A carefully diverse roster of “dominant dames” demonstrably capable of breaking gender molds…along with records and/or heads.



A united nations of leading ladies of the past and present, commingled with luminaries in the arts, sciences, and annals of piracy.

Leading off with full-page portraits of Aretha Franklin and Joan of Arc to herald her glittering gallery’s expansive purview, Drimmer dishes up short introductions to over 100 strong women who either headed states or shone in academic or public spheres. Gathered thematically, each comes with a picture—some true to period but many done in newer styles, including lots of stock images looking like models in costume—and a biographical note. Along with well-documented royals from Hatshepsut to the Elizabeths I and II, Catherine the Great to Anne Boleyn (“her reign was cut short”), readers will get ganders at such non-Western achievers as Himiko, Japan’s earliest known ruler, and Ashanti rebel Yaa Asantewaa. Venturing into realms beyond the geopolitical, Trimmer profiles Simone Biles and other “Sovereigns of Sports,” “Monarchs of Music,” “Legendary Leaders” like Wonder Woman (the film version), and assorted aeronauts, astronauts, and “Nobel Nobles.” A number of male monarchs, mostly from the co-published Book of Kings, sneak into side boxes, and occasional featurettes focus on queenly armor, bling, and emblems. Considering the pervasive evidence of bloody-mindedness, readers in search of “lean in” role models may justly scoff at the closing tally of positive queenly character traits.

A carefully diverse roster of “dominant dames” demonstrably capable of breaking gender molds…along with records and/or heads. (index) (Collective biography. 9-12)

Pub Date: Nov. 12, 2019

ISBN: 978-1-4263-3535-8

Page Count: 176

Publisher: National Geographic Kids

Review Posted Online: Aug. 28, 2019

Kirkus Reviews Issue: Oct. 1, 2019

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A great collection of harrowing, true survivor stories.


A large-format hardcover gathers together true stories of adventure and survival.

Two that are well-known, at least to adults, are Ernest Shackleton’s ill-fated Antarctic expedition and the ordeal of Aron Ralston, who cut off his own arm with a dull pocketknife in order to extricate himself from a dislodged boulder that trapped him in a narrow canyon, the subject of the film 127 Hours. Lesser known is the story of Poon Lim, who survived 133 days alone in the South Atlantic when the merchant ship he was serving on was sunk by a U-boat. At one point, he caught a shark several feet long, pulled it aboard his raft, beat it to death, and proceeded to suck its blood and eat it raw for nourishment. Seventeen-year-old Juliane Koepcke, the sole survivor of a plane crash in the Peruvian rain forest, relied on survival lessons taught by her parents. During her nine-day ordeal, she poured gasoline on her wounds, which succeeded in removing 35 maggots from one arm. In a skiing accident, Anna Bågenholm was trapped under freezing water for so long her heart stopped. Four hours later, medics managed to warm her blood enough to revive her. The attractive design features a full-page or double-page–spread color illustration depicting a pivotal moment in each well-told story. Entirely absent are such standard features as table of contents, source notes, bibliography, or index, pegging this as an entertainment resource only.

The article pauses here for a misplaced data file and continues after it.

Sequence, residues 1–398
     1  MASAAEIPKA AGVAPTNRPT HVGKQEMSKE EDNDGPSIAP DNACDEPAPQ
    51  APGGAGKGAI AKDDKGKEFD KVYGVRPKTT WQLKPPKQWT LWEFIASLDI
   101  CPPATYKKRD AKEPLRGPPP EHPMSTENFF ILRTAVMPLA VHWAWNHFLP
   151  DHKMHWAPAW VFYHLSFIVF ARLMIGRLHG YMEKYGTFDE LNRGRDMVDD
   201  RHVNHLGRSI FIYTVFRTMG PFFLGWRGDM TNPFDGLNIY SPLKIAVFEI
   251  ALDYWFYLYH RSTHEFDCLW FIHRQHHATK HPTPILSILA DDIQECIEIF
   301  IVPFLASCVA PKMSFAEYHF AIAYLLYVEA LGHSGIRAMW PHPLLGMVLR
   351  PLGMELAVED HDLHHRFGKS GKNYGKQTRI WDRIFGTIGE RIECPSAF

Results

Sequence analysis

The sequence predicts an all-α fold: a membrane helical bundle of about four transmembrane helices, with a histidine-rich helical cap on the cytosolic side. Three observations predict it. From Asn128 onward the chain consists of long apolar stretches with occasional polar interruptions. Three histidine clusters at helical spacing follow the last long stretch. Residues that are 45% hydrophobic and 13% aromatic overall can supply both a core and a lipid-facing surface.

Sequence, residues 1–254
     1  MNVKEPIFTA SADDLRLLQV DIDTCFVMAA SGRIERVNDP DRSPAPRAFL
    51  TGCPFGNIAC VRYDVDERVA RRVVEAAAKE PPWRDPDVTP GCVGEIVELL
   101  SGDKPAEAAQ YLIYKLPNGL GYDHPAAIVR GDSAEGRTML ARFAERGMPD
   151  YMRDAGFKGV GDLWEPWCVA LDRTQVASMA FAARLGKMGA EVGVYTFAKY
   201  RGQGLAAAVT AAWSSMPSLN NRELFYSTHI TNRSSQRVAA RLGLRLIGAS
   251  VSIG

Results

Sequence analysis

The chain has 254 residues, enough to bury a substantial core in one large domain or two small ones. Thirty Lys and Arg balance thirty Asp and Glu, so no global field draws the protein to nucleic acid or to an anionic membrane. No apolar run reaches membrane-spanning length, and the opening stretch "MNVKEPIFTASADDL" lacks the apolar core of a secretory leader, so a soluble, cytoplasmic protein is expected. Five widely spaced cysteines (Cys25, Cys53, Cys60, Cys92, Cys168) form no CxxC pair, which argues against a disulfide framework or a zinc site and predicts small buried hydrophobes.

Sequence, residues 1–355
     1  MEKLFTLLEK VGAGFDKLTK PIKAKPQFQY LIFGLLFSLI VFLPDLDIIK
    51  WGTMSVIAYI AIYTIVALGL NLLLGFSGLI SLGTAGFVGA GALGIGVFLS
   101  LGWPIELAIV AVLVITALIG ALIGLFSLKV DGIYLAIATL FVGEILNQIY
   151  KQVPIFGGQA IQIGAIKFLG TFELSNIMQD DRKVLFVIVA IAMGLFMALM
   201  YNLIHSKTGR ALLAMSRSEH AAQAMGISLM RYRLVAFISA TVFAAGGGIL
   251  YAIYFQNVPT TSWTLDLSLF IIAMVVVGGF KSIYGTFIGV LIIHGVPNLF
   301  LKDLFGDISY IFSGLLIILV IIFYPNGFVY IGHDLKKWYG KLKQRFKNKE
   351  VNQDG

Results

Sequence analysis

A great collection of harrowing, true survivor stories. (Nonfiction. 9-12)

Pub Date: Oct. 5, 2017

ISBN: 978-0-571-31601-4

Page Count: 192

Publisher: Faber & Faber

Review Posted Online: Aug. 2, 2017

Kirkus Reviews Issue: Aug. 15, 2017

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Fashion blogger Sicardi introduces readers to 52 queer heroes from around the world.

The book’s survey of diverse individuals should be applauded. Commendable ranges of ages, ethnicities, genders, professions, and time periods are covered. However, the book’s downfall begins with the sparseness of information offered about each subject. Each entry includes a name, a date range and birthplace, a few scant paragraphs, a stylized portrait, and nothing else. For example, while the joint entry on Sylvia Rivera and Marsha P. Johnson covers their friendship and work with homeless LGBTQIAP youth in New York City, it makes no mention of Rivera’s historic 1973 speech regarding homophobia and transphobia within the LGBTQIAP community. That was kind of a big deal. Likewise, David Bowie is praised for his music, but mention of his infamous 1983 Rolling Stone article, in which he identified as heterosexual, is absent. (In fairness, the title could refer to heroes of queer people.) The book’s other major deficit is its disorder. The subjects are arranged arbitrarily, without a table of contents or an index. There is no further reading section and no bibliographies for references. A haphazard two-page glossary exists (thankfully in alphabetical order), but that’s it. The book has some merit as a brief introduction to people readers may not have heard of but doesn’t have the follow-through necessary to lead them to further discoveries.

Save your money. (Biography. 9-12)

Pub Date: May 2, 2019

ISBN: 978-1-78603-476-2

Page Count: 64

Publisher: Wide Eyed Editions

Review Posted Online: March 17, 2019

Kirkus Reviews Issue: April 1, 2019

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